— Working It Off in Labor County, by Larry D. Thacker (West Virginia University Press, 2020)
Like an old school country album by Billy Joe Shaver or Merle Haggard, Larry D. Thacker’s debut collection Working It Off in Labor County tells stories about small town life full of quirky characters, humor that can be folksy and innocent but also dark, and heartfelt tales of day-to-day struggle.
Normally, the opening story sets the tone for what is to come in a collection, but in this case the title story strikes a light-hearted note with the tale of a community college teacher serving time after stealing a Civil War collection of artifacts he had previously donated to the Labor County History Society. In “Hot Ticket,” an arsonist sees the light after winning the lottery and opens up the Church of the Holy Fire of God, where he serves as a pastor to atone for all the buildings he burnt down in his previous sinful life.
Other stories can set a darker mood even if all of them are set in the fictional (and yet familiar) Labor County in southeastern Kentucky. Fire as a cleansing symbol returns in “The Hard Thing,” a reflection on becoming a man, whether it is the cliché about grinding one’s teeth and meeting life’s challenges stoically or living up to a different set of expectations irrespective of anyone’s notion of toughness. The recently divorced protagonist, Alder, wonders about his “self-destruct button” and the fact that he’ll never gain the respect he seeks from his father.
“When you gonna finally be a man about things, son?” asks Adler’s father in allusion to his lack of a supposedly “real” job as opposed to an office position. “A man is not a man until he believes himself one,” Addler reflects. “The sudden wakefulness of maturity can’t be legislated. Or taught, or beaten into someone. Men don’t just wake up on an eighteenth birthday willing to vote and change their country.”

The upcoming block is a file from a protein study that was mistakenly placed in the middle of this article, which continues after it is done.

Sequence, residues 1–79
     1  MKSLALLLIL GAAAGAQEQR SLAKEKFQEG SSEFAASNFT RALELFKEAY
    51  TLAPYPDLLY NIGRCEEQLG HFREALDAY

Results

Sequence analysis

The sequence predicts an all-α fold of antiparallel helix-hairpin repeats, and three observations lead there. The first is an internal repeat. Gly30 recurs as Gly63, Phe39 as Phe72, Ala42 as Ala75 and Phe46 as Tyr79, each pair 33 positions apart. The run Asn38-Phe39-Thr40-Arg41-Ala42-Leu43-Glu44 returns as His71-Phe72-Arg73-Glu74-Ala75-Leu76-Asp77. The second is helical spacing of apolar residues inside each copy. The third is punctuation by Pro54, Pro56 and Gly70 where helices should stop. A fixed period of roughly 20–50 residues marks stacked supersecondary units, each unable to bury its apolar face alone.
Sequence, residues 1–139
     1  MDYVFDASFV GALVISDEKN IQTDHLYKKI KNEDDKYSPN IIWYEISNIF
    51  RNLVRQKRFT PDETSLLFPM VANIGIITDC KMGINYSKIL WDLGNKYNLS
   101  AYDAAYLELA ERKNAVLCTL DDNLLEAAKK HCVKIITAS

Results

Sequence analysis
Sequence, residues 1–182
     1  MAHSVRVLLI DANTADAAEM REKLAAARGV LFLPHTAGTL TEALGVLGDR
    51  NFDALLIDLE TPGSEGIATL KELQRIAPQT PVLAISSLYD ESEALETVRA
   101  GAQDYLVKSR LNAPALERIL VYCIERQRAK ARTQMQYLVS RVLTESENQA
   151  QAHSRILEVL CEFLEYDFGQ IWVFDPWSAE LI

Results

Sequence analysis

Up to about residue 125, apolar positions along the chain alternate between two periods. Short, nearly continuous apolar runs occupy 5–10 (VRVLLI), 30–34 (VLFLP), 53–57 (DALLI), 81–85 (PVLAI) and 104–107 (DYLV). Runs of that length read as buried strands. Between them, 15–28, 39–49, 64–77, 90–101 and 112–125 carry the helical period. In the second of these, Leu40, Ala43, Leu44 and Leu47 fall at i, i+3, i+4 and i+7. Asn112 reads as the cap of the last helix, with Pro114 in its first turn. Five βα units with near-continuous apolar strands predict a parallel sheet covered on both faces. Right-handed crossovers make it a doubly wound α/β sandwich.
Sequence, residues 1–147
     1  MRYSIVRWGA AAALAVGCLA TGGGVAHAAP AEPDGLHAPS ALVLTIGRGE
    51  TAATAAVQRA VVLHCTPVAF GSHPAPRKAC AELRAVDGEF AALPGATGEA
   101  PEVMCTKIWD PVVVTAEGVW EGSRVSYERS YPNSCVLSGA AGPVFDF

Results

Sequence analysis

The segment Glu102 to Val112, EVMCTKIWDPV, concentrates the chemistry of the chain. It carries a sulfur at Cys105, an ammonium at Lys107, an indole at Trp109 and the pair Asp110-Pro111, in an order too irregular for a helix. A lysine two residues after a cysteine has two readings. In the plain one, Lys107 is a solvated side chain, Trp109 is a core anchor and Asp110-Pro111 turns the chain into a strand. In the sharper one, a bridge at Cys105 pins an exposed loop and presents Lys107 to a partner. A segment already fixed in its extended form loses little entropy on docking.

The author of three poetry collections and a book on Appalachian supernatural lore, Kentuckian writer Larry D. Thacker straddles these different registers with ease, crafting the precise turns of phrase that depict an introspective moment or harkens to a front porch tall tale.
One of the collection’s strongest offerings, “Brotherhood of the Mystic Hand,” embodies this amalgam in a yarn about a gang of grizzled Vietnam veterans who meet every year for a weekend of debauchery. The symbol that unites them is the preserved hand that one of their members, Earl, supposedly lost in combat and shipped to America while recovering from combat wounds.
Thacker opts for a more whimsical and comedic approach in a series of stories about the eccentric owner of a roadside museum of curiosities. “Uncle Archie’s Acquisition” introduces the establishment, Archie’s Travelling Odditorium, where the manager, Archie Parker, has just bought a cryotube said to contain human remains. In “Uncle Archie’s Underground Reunion,” a Nashville photographer promises to shoot a photo essay about the Odditorium for a regional magazine. When he fails to keep his promise, Archie’s family pays him a visit. In “Uncle Archie Goes One for Three,” Archie inaugurates the Deadly Den of the Mountain Chupacabra, a new museum room dedicated to the legendary goal-sucking creature from Latin American lore. The new attraction proves to be a money maker but it also brings trouble when Archie is sued by a woman claiming that his chupacabra is actually her dog.
Working It Off in Labor County is a testament to Thacker’s solid storytelling in a lively mix that brings to mind the humor of George Singleton and the hardscrabble stories of Larry Brown.
Born in Texas, raised in Chile, and currently living in Shepherdstown, Gonzalo is a fiction writer with books published in Spain, Italy, and Chile. His stories have appeared in Boulevard, Goliad, and The Texas Review.By Gonzalo Baeza